By Jeremy Morgan
Latin American Herald Tribune staff
CARACAS – President Hugo Chávez has addressed Venezuela’s at times staggeringly high rate of violent crime, the primary cause of concern even to a public long accustomed to living in fear of life and limb.
In a decree issued Tuesday evening, Chávez set up a National Council of Prevention and Citizen Security, saying this would be the first of “seven fronts” to be opened up in battle against crime.
The council would be under the direction of the vice president’s office, and would include representatives of a flock of ministries, non-government organizations, and “the popular power,” he said.
Setting up the council follows in the footsteps of the National Security Plan unveiled by Interior and Justice Minister Tarek El Aissami two months ago, about which not much has been heard of since. That makes it a bit like similar plans that went before it.
One of the stated main aims of El Aissami’s plan is to disarm the public and “regulate” firearms in the hands of police forces, some of whose officers seem to be far too trigger-happy for the public good.
So far, there’s been no apparent reduction in the prevalence of guns in the wrong hands, even inside prisons. The police are still viewed as enemies by large swathes of the public, particularly in poorer districts.
Many of the other points made by Chávez have been heard before. He said other “fronts” would include an “integrated police system” – apparently, a follow-up to the National Police Force Law decreed into law during the last days before Chávez 18-month spell of special powers expired at the middle of last year.
Although the government makes much of the need for a single national police force to combat increasingly sophisticated criminals, this project, too, has made little visible progress to date. Similar proposals have been gathering dust at the National Assembly since 2002.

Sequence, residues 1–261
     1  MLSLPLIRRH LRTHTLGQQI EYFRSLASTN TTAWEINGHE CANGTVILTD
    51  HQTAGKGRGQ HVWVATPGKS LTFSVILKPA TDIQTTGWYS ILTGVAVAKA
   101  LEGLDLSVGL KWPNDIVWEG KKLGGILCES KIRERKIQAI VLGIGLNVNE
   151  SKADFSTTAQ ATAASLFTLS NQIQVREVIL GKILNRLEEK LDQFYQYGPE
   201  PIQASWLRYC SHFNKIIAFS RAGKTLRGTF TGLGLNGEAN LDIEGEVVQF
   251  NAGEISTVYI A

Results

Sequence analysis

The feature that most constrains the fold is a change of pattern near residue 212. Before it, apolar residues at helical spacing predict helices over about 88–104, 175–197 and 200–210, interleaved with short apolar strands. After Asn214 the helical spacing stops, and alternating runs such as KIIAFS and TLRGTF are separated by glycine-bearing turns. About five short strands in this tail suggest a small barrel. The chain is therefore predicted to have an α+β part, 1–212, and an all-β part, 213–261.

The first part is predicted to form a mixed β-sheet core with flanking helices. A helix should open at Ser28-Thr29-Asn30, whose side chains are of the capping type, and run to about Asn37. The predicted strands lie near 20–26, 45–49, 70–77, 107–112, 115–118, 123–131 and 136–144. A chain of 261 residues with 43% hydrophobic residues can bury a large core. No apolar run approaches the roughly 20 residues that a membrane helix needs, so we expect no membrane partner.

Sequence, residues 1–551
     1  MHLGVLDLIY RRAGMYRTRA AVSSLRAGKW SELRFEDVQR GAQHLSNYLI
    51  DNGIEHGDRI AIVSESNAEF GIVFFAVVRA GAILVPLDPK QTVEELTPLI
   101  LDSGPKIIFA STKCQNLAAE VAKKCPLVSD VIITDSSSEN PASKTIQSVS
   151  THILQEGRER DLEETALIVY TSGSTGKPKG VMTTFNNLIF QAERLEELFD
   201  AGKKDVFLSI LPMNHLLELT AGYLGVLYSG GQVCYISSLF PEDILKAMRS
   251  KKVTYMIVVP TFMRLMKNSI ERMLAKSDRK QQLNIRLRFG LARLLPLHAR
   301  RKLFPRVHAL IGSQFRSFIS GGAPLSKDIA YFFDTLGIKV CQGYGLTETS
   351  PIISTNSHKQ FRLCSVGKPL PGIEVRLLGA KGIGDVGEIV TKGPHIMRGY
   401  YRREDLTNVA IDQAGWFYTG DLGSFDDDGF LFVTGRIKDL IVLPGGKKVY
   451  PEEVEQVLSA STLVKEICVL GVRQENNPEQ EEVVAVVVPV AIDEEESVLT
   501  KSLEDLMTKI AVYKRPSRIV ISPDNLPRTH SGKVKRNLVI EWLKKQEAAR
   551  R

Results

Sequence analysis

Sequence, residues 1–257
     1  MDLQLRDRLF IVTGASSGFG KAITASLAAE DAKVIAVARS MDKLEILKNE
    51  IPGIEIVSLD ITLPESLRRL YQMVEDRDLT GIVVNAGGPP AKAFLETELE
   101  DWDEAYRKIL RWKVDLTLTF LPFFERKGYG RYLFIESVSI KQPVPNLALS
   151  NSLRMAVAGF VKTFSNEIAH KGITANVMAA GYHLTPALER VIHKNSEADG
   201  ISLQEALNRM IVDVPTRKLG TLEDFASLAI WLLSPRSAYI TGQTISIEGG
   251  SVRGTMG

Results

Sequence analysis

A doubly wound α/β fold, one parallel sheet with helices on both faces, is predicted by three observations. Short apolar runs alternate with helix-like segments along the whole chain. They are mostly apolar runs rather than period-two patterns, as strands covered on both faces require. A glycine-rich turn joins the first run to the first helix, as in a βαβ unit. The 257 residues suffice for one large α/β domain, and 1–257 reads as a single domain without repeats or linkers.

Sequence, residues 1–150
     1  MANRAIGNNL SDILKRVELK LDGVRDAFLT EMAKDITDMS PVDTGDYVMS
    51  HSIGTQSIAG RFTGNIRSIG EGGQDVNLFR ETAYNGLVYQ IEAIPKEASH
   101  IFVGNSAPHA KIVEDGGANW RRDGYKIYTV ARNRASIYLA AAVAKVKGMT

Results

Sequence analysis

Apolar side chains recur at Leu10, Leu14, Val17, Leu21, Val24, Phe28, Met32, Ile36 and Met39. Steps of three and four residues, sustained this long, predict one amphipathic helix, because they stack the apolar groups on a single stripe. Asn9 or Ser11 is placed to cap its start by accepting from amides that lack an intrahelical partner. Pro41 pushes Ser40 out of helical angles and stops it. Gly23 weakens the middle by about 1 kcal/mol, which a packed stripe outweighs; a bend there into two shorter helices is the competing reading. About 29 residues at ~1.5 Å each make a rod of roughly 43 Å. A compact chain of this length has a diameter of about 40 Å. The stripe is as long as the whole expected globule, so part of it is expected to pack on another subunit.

Now, the idea is to enshrine this aspiration in a General Police Council. The reaction to that was that the president was setting up one new council after another, when yet more bureaucracy wasn’t actually the answer.
Among Chávez’ other “fronts” is an Experimental Security University, where recruits will be trained including courses in subjects such as human rights. This strain of knowledge has not previously been included in police training.
Graduates and officers with extra training are to form the backbone of another of Chávez’ “fronts” – “community” police forces which will work with local residents in the war against the common foe.
El Aissami recently remarked that crime wasn’t just a problem for the government but for everybody. This was seen as a call to the public to get involved in fighting local thugs, and, unsurprisingly, it met with little enthusiasm.
Chávez’ crime agenda also includes a “transformation” of state and municipal police forces. Time was when officials talked of merging all of these into the planned national force.
The response to that were howls of protests against what was perceived as an attempt to strip regional authorities of power and concentrate it in the hands of one man. The thing people wanted, critics said, was more officers out on the streets taking on bad guys.
The critics have no shortage of ammunition, so to speak, to back up their claims that the government has never really gotten to drips with crime.
El Assaimi and the more recent of his numerous predecessors have trotted out percentages to back up claims to be getting top of crime. But since the government stopped issuing regular statistics some years back, it doesn’t have any hard facts to back its case.